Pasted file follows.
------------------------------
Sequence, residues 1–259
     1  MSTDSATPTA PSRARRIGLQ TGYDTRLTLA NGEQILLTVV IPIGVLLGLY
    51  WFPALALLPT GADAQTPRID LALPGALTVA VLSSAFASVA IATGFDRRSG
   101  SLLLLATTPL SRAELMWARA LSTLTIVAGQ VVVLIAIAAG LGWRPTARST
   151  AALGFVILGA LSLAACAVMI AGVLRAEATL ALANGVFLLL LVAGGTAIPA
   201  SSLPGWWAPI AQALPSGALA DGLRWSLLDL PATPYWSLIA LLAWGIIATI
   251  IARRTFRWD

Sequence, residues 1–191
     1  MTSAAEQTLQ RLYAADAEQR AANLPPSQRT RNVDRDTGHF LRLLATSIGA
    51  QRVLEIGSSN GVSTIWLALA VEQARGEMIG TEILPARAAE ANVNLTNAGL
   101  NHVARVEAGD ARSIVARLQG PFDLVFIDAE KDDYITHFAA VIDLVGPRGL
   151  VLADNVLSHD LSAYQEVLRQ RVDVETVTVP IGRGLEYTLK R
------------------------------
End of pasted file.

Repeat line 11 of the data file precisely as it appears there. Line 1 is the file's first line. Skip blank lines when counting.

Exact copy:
   101  NHVARVEAGD ARSIVARLQG PFDLVFIDAE KDDYITHFAA VIDLVGPRGL